An Extremely Late Friday Afternoon at the Haikulodeon

Here’s this week’s heap of haikus:

Thus each day must end,
to let each night begin so
we may build new dreams.

(Photo courtesy Kristina Rebelo)

Lying in the sun’s
the universal sign of
complete contentment.

alternate version:

Lying in the sun
with your best friend.  Life is good …
and sealed with a nap.

(Photo courtesy of Kristina Rebelo)

Standing on a rock,
and seeing her reflection …
Miss Egret regrets.

(Photo courtesy of Kristina Rebelo)

A sleeping dog guards
the pumpkin harvest while the
leaves sneak from the trees.


He buried his fear
in the pleats of mother’s skirt.
( … and wiped his nose too.)

Fear is a fabric
that folds under stress, and when
in hot water, shrinks …


tanka haiku: When you first awake,
check your bedroom for feathers,
lost from angel’s wings.

They may, of course, appear in
the form of small children’s toys.

A murder of crows,
An exultation of larks,
a leap of leopards …

Even gaggles of geese must
admit James Lipton’s clever.

===

Will you still feel blessed
when your ‘new address’ tells folks
you’re under a rest?

(Photo courtesy Tom Contrino)

In a gin tizzy,
she drove her tin lizzie, now
her name’s etched in stone.

(Photo courtesy of Tom Contrino)

When Mr. Hu died,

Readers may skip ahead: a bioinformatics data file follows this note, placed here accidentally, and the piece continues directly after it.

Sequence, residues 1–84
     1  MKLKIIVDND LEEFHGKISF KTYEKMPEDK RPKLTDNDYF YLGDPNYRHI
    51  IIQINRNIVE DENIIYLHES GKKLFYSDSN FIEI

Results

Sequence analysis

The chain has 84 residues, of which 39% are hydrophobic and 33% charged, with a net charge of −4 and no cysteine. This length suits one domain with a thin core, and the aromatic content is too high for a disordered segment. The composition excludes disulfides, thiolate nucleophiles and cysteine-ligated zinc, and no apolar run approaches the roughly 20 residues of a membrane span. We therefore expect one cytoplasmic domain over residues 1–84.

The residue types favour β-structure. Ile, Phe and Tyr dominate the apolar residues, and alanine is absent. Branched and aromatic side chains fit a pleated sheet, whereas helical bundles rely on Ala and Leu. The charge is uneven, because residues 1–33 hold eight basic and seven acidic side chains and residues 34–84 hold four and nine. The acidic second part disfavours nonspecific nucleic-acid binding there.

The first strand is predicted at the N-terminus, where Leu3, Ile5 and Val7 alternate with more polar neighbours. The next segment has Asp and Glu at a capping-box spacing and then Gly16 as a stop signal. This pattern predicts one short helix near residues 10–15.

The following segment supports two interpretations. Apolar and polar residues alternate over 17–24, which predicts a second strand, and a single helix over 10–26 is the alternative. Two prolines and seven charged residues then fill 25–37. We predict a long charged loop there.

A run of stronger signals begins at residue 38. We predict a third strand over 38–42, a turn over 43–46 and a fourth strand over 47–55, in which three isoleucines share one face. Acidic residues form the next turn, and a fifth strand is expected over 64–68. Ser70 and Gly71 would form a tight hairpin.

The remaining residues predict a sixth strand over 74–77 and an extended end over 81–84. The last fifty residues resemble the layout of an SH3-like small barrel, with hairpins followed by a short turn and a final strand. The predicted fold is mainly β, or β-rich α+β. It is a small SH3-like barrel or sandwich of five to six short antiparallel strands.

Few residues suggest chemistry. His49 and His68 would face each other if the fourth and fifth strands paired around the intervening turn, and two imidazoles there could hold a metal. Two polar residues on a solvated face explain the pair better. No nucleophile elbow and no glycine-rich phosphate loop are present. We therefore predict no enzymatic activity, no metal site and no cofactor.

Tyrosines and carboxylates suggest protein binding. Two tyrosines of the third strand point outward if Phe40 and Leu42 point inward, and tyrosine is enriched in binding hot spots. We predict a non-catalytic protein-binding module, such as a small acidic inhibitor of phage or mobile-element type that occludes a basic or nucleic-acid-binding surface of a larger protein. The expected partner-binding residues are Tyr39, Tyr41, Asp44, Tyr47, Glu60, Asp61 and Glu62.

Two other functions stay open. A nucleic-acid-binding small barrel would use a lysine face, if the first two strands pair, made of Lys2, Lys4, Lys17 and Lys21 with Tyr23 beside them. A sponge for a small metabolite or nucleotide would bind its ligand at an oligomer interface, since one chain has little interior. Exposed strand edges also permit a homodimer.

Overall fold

his orchestra went with him.
(cymbal-ic gesture.)

(Photo courtesy Tom Contrino)


Poor dear Hannah went
to her grave not knowing she
was a palindrome.

(Photo courtesy Tom Contrino)

To make matters worse,
The late John Doe had the wrong
finger mark his grave.

(Photo courtesy Tom Contrino)


Off in a corner,
sits a quiet little girl,
who dreams of horses.

The streets of this town
may not be paved with gold, but
they get where they’re going …


Leaves swirled around her,
tumbling in her wake like
fawning sycophants.


 If you choose to use
a magnifying glass, know
that you will find flaws.



 And then, a rainbow
swept across the darkened sky,
for the storm had ended.

(Photo courtesy Kristina Rebelo)


I hear distant trains
and think of riding boxcars …
whistles on the wind.

Sure, we tried again,
but it is never the same …
re-kindling love.


tanka haiku for Octoberblest:

Blessed in many ways,
some tend to focus mainly
on their suffering.

  That is not the way to live;
Focus on what drives your heart.

I have two memories that popped into my head this week  …

#1     So … I’m awake late the other night and watching TCM, which is showing Two Tickets to Broadway, with Janet Leigh and Tony Martin … and Tony Martin is doing a number which is a takeoff of Pagliacci, and he’s dressed in the classic clown outfit and I start to remember … an old stage hand at NBC performing a number from Pagliacci on the old Tom Snyder Tomorrow show which held an NBC Employee Talent Show every year.  And that sparked my memory of a song I wrote being performed on that same show … I was in between NBC jobs (I worked there nearly 9 years altogether between 1975 and 1985.) and I had written the lyrics for a song with one of my NBC co-workers called the NBC Radio Announcer Song.   It was a comedic Andrews Sisters number with me doing some old-time Radio Announcer shtick.    (FYI, I’ve done some announcing work in the past, including the Clio Awards one year when they were held at Lincoln Center … but that’s another story … )